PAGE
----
568 F2d 143 Handcor Inc v. Director Office of Workers' Compensation Programs United States Department of Labor R

568 F.2d 143

HANDCOR, INC., Petitioner,
STATES DEPARTMENT OF LABOR, and John R. Kelley, Respondents.

No. 75-1943.

United States Court of Appeals,
Ninth Circuit.

Jan. 24, 1978.

Robert E. Babcock (argued), Portland, Or., for petitioner.

Raymond J. Conboy (argued), Portland, Or., Linda L. Carroll (argued), Washington, D. C., for respondents.

Petition for Review of an Order of the Benefits Review Board, United States Department of Labor.

Before CHAMBERS, CARTER, and KENNEDY, Circuit Judges.


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The scope of coverage of the Longshoremen's and Harbor Workers' Compensation Act (Act), 33 U.S.C. § 901 et seq. (1970 & Supp. V 1975), is the sole issue raised by this appeal. Northeast Marine Terminal Co. v. Caputo, 432 U.S. 249, 97 S.Ct. 2348, 53 L.Ed.2d 320 (1977), is dispositive.


At the time of his injury, Kelley, the claimant, was employed by Handcor, Inc. as a member of a "stuffing" gang in a warehouse at the Port of Portland, Oregon. A stuffing gang loads cargo into the containers used in containerized shipping. The warehouse where the injury occurred is located at Berth No. 205 of Terminal No. 2 of the Port of Portland, approximately fifty to sixty feet from the water's edge. Kelley's job was to load sacks into the bin of a forklift truck in the warehouse. When loaded, the truck was driven by another member of the gang onto the wharf and the sacks were mechanically pushed into a container. The containers were then loaded aboard a vessel by workers who were not employees of Handcor. Kelley was injured while loading a 100-pound sack into the bin of a forklift truck.


Kelley filed a claim under the Act. An administrative law judge awarded compensation and the Benefits Review Board affirmed. Handcor petitions for review by this court pursuant to 33 U.S.C. § 921(a) (Supp. V 1975), contending that Kelley was not covered by the Act. We affirm the award.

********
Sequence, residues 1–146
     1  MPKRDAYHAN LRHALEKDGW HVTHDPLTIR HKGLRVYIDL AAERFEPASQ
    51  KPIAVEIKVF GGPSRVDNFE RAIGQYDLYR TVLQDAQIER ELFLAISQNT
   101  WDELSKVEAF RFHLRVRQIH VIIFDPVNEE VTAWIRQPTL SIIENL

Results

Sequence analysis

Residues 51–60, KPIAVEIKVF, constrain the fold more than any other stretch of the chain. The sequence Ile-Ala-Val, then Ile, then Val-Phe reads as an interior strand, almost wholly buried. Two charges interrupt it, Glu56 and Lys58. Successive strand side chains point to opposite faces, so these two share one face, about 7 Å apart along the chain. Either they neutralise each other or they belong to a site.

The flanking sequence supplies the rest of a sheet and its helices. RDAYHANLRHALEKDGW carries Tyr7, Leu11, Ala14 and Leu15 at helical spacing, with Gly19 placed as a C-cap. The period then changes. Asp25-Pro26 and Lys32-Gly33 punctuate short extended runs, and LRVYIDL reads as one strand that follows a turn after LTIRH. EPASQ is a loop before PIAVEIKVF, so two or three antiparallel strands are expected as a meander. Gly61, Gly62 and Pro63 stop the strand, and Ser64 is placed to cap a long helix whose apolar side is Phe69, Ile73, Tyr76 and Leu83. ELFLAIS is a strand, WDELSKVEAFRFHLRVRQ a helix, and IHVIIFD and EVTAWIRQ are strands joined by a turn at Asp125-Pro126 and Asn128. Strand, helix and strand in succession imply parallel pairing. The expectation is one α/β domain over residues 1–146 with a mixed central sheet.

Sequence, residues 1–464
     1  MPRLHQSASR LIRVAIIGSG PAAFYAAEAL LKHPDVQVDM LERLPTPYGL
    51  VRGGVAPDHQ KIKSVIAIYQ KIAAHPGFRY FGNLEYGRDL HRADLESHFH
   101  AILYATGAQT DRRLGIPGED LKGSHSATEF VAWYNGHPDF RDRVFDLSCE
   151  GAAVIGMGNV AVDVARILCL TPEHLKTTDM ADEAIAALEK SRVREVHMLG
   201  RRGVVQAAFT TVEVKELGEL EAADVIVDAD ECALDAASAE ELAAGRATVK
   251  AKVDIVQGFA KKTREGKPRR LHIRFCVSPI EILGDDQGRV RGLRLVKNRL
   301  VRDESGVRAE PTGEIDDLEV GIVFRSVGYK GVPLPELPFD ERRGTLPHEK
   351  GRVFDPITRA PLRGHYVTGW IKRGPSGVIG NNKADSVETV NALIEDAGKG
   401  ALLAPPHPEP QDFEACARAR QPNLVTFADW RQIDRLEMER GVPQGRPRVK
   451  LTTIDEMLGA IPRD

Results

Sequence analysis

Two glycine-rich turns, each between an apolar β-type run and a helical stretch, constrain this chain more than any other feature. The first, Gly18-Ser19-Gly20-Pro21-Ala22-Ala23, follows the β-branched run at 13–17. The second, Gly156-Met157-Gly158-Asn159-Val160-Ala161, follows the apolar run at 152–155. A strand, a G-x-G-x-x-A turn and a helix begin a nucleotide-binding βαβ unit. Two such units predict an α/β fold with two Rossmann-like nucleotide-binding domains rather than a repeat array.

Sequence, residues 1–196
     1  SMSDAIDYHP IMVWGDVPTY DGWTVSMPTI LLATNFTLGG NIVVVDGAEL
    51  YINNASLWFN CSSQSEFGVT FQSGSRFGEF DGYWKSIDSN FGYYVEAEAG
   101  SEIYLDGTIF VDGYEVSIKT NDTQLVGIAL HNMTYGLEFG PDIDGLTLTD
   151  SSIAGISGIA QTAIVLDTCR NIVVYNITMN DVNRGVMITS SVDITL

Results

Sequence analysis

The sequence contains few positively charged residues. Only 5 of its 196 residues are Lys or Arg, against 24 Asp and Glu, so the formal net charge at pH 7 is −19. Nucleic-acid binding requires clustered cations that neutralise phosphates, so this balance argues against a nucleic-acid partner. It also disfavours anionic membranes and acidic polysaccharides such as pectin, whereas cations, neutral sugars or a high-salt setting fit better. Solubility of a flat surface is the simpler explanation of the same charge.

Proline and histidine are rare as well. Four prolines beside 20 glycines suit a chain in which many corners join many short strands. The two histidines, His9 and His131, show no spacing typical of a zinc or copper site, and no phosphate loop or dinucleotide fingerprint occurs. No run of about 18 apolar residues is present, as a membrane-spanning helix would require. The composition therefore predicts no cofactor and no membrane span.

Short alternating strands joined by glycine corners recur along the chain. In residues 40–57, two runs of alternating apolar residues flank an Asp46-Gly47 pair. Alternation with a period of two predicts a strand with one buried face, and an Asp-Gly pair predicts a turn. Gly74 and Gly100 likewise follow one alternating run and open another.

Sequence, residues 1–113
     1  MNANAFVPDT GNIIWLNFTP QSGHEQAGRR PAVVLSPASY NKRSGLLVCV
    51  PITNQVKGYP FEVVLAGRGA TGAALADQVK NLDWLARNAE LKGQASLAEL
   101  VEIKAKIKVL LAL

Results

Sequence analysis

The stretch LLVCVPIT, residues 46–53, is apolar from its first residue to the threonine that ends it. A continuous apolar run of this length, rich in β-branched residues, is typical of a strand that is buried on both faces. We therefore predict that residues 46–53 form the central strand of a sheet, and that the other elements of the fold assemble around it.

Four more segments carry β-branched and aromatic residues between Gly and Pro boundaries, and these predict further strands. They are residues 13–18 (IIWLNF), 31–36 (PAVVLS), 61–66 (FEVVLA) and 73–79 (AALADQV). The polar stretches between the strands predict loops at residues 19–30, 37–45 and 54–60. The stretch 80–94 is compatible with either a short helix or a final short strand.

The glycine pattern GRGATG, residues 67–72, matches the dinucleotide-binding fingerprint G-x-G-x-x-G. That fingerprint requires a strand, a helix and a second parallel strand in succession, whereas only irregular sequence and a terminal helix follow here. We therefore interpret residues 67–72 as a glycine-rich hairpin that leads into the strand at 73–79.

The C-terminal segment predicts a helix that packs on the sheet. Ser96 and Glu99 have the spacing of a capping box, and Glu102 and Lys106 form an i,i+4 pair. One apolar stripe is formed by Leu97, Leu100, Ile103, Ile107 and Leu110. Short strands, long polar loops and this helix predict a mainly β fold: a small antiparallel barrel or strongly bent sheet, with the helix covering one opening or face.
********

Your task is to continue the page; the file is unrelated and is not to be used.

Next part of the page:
A claimant is covered by the Act if he is an "employee" whose injury occurred "upon the navigable waters of the United States," as those terms and phrases are defined by the Act.1 The two requirements are commonly called the status and situs tests, respectively.


Kelley has the requisite status under the Act. The Court in Northeast Marine Terminal held that a stripper, one who unloads containers, meets the status requirement. 432 U.S. at 249, 97 S.Ct. 2348. A stuffer, such as Kelley, as well as a stripper, is a maritime employee since the work of a stuffer is the functional equivalent of loading cargo aboard ship. Id. Handcor is thus also incorrect in its related argument that it was not an "employer any of whose employees are employed in maritime employment," as required by 33 U.S.C. § 902(4) (Supp. V 1975).


Kelley satisfies the situs requirement since his injury occurred at a terminal which adjoins navigable waters of the United States. To the extent that a terminal must be one customarily used in the loading and unloading of vessels in order to satisfy the situs requirement, see Northeast Marine Terminal, 432 U.S. at 276-281, 97 S.Ct. at 2364-66, we agree with the conclusion of the administrative law judge that the terminal involved here was so used.


Handcor's argument that coverage of Kelley is beyond the reach of Congress' power under its admiralty and maritime jurisdiction is without merit in the light of Northeast Marine Terminal.

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The order of the Board is AFFIRMED.


The Act provides that:

The term "employee" means any person engaged in maritime employment, including any longshoreman or other person engaged in longshoring operations, and any harborworker including a ship repairman, shipbuilder, and shipbreaker, but such term does not include a master or member of a crew of any vessel, or any person engaged by the master to load or unload or repair any small vessel under eighteen tons net.

33 U.S.C. § 902(3) (Supp. V 1975), and that:

Compensation shall be payable under this chapter in respect of disability or death of an employee, but only if the disability or death results from an injury occurring upon the navigable waters of the United States (including any adjoining pier, wharf, dry dock, terminal, building way, marine railway, or other adjoining area customarily used by an employer in loading, unloading, repairing, or building a vessel). . . .

33 U.S.C. § 903(a) (Supp. V 1975).